Cell phones frustrate teachers, negatively impact education
November 1, 2016
Filed under Opinion
Hang on for a minute...we're trying to find some more stories you might like.
Email This Story
Every teacher has their own policy on devices. Some have a “phone jail”, some allow them in class, and some prohibit phones completely.
Teachers now have this added responsibility of controlling cell phones.
“My class policy on cell phones is that it is up to each student to know their capability and knowing whether or not they can handle having their cell phones out. There are 30 different students with 30 different responsibility levels,” said History teacher Mr. Stafford Newsome. “They are young adults and should be treated as so.”
Newsome allows students to be on their phones in class, but when grades come out all the responsibility falls on them. A teacher’s job is to educate; learning is up to the students.
Many teachers see a direct correlation between the students grades and how much they are on their phones. However, Newsome thinks having a policy makes the issue worse.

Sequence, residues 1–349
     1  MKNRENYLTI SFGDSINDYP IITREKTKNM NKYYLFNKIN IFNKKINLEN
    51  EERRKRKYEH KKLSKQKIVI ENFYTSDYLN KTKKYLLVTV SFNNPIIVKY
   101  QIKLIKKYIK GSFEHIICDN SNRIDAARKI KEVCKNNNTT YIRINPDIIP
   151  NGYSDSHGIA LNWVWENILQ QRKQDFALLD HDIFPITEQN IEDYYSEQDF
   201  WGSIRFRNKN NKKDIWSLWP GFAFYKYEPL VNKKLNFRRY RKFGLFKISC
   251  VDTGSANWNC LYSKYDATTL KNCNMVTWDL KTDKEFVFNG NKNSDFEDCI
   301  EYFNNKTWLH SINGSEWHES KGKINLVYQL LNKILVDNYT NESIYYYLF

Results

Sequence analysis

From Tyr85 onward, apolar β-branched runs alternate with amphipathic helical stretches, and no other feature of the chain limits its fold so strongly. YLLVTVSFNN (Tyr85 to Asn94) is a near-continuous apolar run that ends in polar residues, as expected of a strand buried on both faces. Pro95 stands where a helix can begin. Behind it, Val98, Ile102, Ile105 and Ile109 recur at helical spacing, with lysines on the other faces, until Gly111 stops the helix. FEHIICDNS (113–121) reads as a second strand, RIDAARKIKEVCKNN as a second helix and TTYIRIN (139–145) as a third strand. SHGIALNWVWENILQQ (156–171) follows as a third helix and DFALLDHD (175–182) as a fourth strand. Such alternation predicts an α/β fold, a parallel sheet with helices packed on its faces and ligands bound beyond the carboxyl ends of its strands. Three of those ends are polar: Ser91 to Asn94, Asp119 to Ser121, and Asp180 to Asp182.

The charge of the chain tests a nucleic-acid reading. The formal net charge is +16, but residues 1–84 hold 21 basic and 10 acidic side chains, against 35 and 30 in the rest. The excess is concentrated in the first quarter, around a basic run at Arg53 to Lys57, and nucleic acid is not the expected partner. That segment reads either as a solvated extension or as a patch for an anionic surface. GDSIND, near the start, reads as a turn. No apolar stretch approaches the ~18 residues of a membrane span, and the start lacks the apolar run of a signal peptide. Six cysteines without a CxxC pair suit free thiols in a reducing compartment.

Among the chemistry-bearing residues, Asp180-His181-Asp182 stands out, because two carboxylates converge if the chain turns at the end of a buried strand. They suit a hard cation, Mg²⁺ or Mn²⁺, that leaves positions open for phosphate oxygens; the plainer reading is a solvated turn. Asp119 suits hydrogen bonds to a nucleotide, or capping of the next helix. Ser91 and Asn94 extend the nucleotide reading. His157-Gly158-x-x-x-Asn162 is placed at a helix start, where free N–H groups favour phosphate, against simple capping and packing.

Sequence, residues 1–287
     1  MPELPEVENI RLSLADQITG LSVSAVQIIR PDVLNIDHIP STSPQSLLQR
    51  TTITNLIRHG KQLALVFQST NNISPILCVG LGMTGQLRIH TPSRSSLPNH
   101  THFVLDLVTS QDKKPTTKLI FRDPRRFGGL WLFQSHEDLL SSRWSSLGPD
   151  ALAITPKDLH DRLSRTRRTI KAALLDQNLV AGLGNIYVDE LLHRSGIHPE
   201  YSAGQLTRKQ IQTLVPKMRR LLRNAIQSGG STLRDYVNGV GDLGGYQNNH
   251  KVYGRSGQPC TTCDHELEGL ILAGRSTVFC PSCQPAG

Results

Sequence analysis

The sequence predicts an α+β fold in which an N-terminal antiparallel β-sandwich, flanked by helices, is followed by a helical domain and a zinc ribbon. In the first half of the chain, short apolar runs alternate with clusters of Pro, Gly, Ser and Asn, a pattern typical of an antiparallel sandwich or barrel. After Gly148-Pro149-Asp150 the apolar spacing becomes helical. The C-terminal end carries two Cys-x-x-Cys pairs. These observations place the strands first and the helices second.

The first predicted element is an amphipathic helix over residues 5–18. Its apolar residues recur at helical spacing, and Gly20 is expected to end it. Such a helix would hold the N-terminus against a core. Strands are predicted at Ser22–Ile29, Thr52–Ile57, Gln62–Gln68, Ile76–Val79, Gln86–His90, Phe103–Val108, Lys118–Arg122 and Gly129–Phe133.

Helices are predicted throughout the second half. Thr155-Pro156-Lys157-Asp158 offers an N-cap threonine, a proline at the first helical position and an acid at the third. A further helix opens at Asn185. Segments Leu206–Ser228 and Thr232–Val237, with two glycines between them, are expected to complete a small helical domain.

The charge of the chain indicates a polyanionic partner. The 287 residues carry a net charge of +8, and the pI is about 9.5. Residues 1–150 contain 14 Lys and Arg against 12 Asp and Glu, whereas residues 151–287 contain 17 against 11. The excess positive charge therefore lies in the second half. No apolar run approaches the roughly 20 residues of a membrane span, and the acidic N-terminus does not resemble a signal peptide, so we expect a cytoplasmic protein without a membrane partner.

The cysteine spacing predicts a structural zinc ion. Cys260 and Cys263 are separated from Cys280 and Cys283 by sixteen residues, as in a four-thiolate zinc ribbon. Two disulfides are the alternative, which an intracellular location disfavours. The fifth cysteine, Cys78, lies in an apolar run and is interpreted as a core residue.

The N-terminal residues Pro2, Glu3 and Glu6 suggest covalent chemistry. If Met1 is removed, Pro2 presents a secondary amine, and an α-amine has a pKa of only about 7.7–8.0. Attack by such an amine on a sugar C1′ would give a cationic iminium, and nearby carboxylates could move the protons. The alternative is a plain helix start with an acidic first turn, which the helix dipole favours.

“When I allow students to have their phones they don’t fight it as much and are more responsible with it,” said Newsome.
When students are allowed to have their devices out, most are more respectful and use their phones intelligently, but the students without a will to learn are often found on their devices.
Both, Newsome and English teacher Mrs. Tiffany Adema said that they would not have been as successful in high school if cell phones were present like they are now.
“I think this generation uses their phone like a social crutch. They’ve lost skills such as face to face conversation, eye contact, and being able to communicate clearly with your words and not just through text,” said Adema.“I love how kids can use it as a resource, when they learn how to use it maturely and know the purpose for having it at school. It can be a great tool.”
The standing issue for teachers is that they cannot monitor every phone and see what every student is doing.
“Phones are one of those things where you give students an inch and they take a mile,” said Math teacher Mr. Brett Dittmer. “It really goes back to a respect factor. If a teacher is taking their time to talk to you, even in a group setting, out of respect you should give them your undivided attention.”
If students want to be treated as young adults then the student body as a whole needs to take responsibility for their education the school is providing. With a careful balance of phones, focus, and determination any student can have a great, long lasting education that propels them into their future.
Cell phones have a positive impact on schooling if students are taking the responsibility into their own hands.